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Budget statement: Shropshire business reaction

Shropshire Chamber of Commerce has welcomed measures announced today by Chancellor Rishi Sunak to address the growing cost-of-living crisis – but says it is unlikely to prevent many businesses being forced to raise their prices this year.

Fuel duty is to be cut for only the second time in 20 years, by 5p a litre, for at least a year, and VAT relief is being extended to cover energy-efficient investments.

There were hopes that the Government may scrap the proposed rise in National Insurance due to kick in next month, or at least raise the threshold.

And the Chancellor chose the second option – increasing the threshold by £3,000 from July this year, meaning no tax or National Insurance will now be paid by anyone earning less than £12,570.

Mr Sunak also revealed that the Government planned to reduce the basic rate of income tax from 20p to 19p by end of the current parliament.

Richard Sheehan, Shropshire Chamber’s chief executive, said: “We would have liked to see more done by the Chancellor – but he could have done much less. These are all welcome announcements which will go some way to helping to offset the fastest rises in the cost of living in a generation.

“But will they be enough to prevent many of our companies being forced to raise their prices to combat the rising cost of doing business? That’s far from guaranteed.

“Rural counties such as Shropshire, with a poorer public transport infrastructure than urban areas, have been feeling the biggest impact of the current fuel price rises which means we have taken the full force of the cost-of-living crisis. So the fuel duty cut is certainly welcome.

“However, we also have many homes and businesses off the main power grid who rely on heating oil which has more than doubled in price since the start of the year, and the huge impact of this must not be overlooked.”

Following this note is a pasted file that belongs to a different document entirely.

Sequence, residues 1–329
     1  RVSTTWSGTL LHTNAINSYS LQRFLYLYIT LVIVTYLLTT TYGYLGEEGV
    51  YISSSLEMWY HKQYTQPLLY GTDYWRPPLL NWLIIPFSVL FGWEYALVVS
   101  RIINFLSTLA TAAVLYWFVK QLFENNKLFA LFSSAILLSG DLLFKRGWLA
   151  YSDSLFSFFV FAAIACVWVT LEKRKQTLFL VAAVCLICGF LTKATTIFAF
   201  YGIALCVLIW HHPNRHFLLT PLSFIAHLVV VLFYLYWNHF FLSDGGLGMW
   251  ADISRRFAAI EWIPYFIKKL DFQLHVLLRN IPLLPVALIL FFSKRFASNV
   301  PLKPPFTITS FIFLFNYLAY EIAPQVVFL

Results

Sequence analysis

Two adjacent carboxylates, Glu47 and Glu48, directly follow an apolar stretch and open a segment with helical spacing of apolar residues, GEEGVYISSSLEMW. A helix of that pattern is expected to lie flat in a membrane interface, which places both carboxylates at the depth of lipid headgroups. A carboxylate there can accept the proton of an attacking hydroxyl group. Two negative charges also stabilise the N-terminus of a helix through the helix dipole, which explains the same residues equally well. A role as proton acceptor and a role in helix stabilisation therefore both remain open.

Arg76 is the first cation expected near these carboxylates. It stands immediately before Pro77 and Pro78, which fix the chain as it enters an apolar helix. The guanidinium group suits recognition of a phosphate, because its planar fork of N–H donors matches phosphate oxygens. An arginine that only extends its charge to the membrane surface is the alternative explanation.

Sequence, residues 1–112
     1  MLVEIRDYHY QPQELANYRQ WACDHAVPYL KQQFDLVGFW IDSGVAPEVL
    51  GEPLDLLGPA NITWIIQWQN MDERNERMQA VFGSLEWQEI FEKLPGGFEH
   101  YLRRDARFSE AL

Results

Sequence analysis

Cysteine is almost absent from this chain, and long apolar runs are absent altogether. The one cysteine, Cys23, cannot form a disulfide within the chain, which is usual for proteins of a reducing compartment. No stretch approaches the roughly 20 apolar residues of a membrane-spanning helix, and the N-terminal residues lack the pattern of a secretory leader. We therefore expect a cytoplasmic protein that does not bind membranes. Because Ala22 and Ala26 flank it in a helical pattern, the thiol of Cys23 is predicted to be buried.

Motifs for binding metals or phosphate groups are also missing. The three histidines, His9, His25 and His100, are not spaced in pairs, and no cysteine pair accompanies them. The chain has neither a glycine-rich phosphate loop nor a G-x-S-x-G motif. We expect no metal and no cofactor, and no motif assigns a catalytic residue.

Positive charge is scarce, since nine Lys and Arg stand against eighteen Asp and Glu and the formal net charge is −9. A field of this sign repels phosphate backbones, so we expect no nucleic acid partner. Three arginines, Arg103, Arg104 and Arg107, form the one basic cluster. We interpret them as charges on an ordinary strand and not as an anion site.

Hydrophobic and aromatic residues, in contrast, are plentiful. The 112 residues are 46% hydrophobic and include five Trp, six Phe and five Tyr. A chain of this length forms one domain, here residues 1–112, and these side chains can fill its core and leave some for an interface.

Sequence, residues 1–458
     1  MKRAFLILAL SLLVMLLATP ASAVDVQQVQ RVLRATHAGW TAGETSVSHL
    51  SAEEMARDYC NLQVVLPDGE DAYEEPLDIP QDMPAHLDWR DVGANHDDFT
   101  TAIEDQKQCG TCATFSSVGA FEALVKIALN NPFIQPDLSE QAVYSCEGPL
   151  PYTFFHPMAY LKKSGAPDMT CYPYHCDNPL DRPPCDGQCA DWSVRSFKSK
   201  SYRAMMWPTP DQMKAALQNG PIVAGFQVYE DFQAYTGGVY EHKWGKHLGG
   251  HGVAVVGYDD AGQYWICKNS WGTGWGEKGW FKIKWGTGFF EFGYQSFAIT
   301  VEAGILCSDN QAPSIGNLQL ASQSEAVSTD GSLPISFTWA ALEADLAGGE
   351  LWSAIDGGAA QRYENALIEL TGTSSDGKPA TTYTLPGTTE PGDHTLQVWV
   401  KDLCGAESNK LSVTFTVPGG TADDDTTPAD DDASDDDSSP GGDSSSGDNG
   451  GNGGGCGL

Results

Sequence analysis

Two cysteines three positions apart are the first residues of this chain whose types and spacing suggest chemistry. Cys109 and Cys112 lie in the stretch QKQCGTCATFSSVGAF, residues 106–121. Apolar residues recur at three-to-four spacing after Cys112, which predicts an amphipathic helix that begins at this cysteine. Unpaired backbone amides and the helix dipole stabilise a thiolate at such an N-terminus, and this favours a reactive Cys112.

He added: “Businesses don’t want to be constantly asking for Government help, but these are extraordinary times, and it is successful and financially solid businesses which will drive the recovery in our economy.

New figures revealed today that inflation in February was at a 30-year record high of 6.2%.

The British Chambers of Commerce (BCC) expects the surge to continue over coming months as the energy price cap rise, the reversal of the hospitality VAT cut and upward pressure on energy and commodity prices from Russia’s invasion of Ukraine continues to bite.

Anton Gunter, managing director of Telford-based transport company Global Freight, said: “We very much welcome Chancellor Rishi Sunak’s decision to cut the duty on fuel but in our view he hasn’t gone far enough to ease the growing financial burden currently being felt by consumers and businesses alike.

"Against the backdrop of rising inflation, increasing energy prices and the ongoing economic uncertainty due to the pandemic and political unrest in Ukraine, we’re just not sure how much of an impact 5p will have in real terms, if any. The savings will be minimal.

“We understand the Chancellor is facing a difficult situation balancing rising public debt, but the next few years are likely to be tough for everyone and he needed to extend more support to the public and businesses at this critical time.

“Transportation costs will continue to rise, food prices are soaring and energy costs are at the highest rate in years and we can’t see any of that changing any time soon.

“For many people, they are facing a difficult and uncertain financial future.. What would be nice now is to see the large fuel companies following the government’s lead and lowering their own profit margins to help ease mounting fuel costs for those that need it most.”

Paul Brown of WR Partners in Shrewsbury said: “A more cynical person than me may think this is less of a plan and more a hastily cobbled together list of half formed ideas in an attempt to create a feel-good factor, but of course I am not that person. 

“However, it is interesting to note that the hype around the 1p basic rate cut seems slightly at odds with the fact that a large proportion of the population will shortly suffer a 1.25% tax rise – I guess a 0.25% net increase (but only after 2 years of a 1.25% increase) is better than it could have been…

“Overall, I am not convinced that the measures announced merited the kind of dramatic summary with which the Chancellor brought his speech to an end with.